The big tent of libertarianism

ImageIn the United States, the term “libertarian” has been co-opted by a narrowly defined ultra-capitalist conservative philosophy embraced by the US Libertarian Party, and by some factions within the Republican Party. But the word has always had a much broader meaning, encompassing many distinct legal and philosophical views. Some libertarians  claim to have devised complete philosophical foundations for ethics and government, but others adopt a situational approach to problems of applied ethics and law.

Yesterday, over at the Friendly Atheist site, blogger Terry Firma “came out” as a libertarian. What’s great about Terry’s post is that he highlights progressive aspects of his views. He believes in a progressive income tax and single payer health care — ideas that are not typically associated with Libertarian Party USA. I love Terry’s post because I consider myself to be the same kind of libertarian, and I’ve met plenty of like-minded progressive libertarians over the years, but we’re often lumped in with the Ayn-Rand-Tea-Partier-gun-lover-climate-change-denier cult that has been so loud in recent years.

I previously wrote some very critical remarks about the Ayn Rand variant of Libertarianism, which has become a dominant influence in the US Libertarian and Conservative political movements. There is no shortage of problems with Randian thinking. But “Libertarianism” refers to a diverse collection of philosophical approaches to ethics, politics and law, and the entire batch should not be dismissed because of a few bad eggs.

Most people mistakenly identify libertarianism with minarchism — the philosophy that government regulation should be “minimized” or eliminated altogether. According to Wikipedia, “Libertarianism is a set of related political philosophies that uphold liberty as the highest political end.” That’s a pretty sweeping definition. This definition doesn’t dictate anything about economics, or about the size of government, or about industry regulation. The Stanford Encyclopedia of Philosophy offers a slightly more precise definition:

Libertarianism, in the strict sense, is the moral view that agents initially fully own themselves and have certain moral powers to acquire property rights in external things. In a looser sense, libertarianism is any view that approximates the strict view.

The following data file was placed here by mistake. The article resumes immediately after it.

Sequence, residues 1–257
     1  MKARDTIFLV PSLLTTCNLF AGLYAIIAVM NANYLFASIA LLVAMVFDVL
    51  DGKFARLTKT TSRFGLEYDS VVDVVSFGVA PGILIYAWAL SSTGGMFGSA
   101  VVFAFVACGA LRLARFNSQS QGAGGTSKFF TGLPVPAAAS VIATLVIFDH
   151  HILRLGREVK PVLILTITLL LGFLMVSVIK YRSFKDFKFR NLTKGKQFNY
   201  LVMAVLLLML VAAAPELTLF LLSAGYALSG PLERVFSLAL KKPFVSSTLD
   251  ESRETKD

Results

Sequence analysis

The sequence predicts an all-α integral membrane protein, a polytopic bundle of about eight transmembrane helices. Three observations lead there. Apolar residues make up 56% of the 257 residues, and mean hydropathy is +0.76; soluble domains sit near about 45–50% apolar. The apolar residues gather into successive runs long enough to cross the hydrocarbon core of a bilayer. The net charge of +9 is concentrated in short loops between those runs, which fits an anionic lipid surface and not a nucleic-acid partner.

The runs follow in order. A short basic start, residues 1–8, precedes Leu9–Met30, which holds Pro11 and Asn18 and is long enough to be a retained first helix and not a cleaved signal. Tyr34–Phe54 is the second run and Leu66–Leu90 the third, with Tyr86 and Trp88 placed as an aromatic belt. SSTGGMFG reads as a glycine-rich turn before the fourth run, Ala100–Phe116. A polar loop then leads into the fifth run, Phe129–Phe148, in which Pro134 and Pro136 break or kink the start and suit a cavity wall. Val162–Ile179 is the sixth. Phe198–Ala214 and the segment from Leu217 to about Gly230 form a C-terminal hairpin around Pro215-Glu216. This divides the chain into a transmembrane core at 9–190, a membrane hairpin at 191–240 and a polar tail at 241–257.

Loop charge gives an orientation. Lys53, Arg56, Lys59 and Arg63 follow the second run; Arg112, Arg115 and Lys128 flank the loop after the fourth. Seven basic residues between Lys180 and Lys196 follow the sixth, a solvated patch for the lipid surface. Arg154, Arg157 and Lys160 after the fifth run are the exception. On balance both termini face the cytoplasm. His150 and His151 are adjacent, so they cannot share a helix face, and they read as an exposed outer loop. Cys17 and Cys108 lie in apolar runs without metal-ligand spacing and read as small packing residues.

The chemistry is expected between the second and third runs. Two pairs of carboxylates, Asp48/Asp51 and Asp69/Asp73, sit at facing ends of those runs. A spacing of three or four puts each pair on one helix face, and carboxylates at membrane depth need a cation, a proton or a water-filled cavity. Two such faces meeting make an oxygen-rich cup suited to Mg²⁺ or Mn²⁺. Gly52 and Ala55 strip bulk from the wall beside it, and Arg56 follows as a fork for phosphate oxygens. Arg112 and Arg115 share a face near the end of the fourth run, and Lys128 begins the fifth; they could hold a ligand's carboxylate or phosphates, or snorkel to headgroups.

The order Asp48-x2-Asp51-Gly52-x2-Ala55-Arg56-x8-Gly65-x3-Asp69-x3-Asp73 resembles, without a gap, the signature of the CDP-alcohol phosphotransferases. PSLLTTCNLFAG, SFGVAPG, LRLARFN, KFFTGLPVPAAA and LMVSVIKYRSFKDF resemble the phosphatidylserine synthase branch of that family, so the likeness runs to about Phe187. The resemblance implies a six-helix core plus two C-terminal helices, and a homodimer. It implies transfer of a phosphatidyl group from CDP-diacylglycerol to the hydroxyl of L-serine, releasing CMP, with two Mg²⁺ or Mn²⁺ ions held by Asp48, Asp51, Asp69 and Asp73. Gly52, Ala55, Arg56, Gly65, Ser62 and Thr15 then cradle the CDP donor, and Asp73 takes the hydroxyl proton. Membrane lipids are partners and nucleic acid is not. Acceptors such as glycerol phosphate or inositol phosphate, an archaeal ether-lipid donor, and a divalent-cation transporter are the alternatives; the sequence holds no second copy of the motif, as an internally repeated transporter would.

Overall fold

I am a libertarian to the extent that I agree with this statement. This is still a really broad definition, and to me it is more a statement of philosophical orientation, not a dogmatic foundation for political theory. Although this starting point is broad, we can already predict some likely conclusions from this proposition. If we believe individuals “own themselves,” then we are likely to favor one or more of the following:

  • Intellectual liberty — The freedom to produce creative expressions and communicate them to others; the freedom to join, leave, create or abstain entirely from any religion.
  • Privacy — The freedom to engage in consensual behaviors with other persons with minimal restriction; a person is not required to divulge or explain their beliefs to anyone.
  • Risk taking — a person is free to take risks with their body (e.g. drinking alcohol or riding horses).
  • Pursuit of opportunity — The equal freedom to move and compete for opportunities without undue restriction (e.g. libertarians tend to favor open immigration policies).
  • Choice in dying or assisted suicide (for at least some circumstances).
  • Pacifism — most libertarians oppose nearly every form of war or aggression.

So far, libertarianism has staked out a lot of territory without saying anything about capitalism, tax policy, corporations or energy policy. Up to this point, I believe libertarianism is entirely compatible with progressive political thinking. The distinction is simply that libertarians tend to structure their thinking in terms of individual freedoms first. Turning once again to Wikipedia, we find a much more flexible definition for civil libertarianism:

Civil libertarianism is a strain of political thought that supports civil liberties, or which emphasizes the supremacy of individual rights and personal freedoms over and against any kind of authority (such as a state, a corporation, social norms imposed through peer pressure, etc.).[1]Civil libertarianism is not a complete ideology; rather, it is a collection of views on the specific issues of civil liberties and civil rights. Because of this, a civil libertarian outlook is compatible with many other political philosophies, and civil libertarianism is found on both the right and left of modern politics.[2]

There are many civil libertarians who fit this definition, including myself. Many of us go around calling ourselves libertarians. My experience has been that this leads to bitter fights with everyone everywhere. Big-L anarcho-capitalist Libertarians — let’s call them “straw man Libertarians” — don’t like what I have to say. Non-libertarians generally assume I’m a straw man when I associate myself with the L-word.

The straw-man caricatures are annoying, especially coming from skeptics who speak of libertarianism as though were pseudoscience or “woo.” It is neither of those things. It is a big tent defined by a particular style of structured thinking about ethics and politics. It’s fair to criticize particular theories or the way they are applied, but you can’t really attack someone just because they prioritize liberty over other values. Eventually these philosophical positions boil down to preference, not proof.

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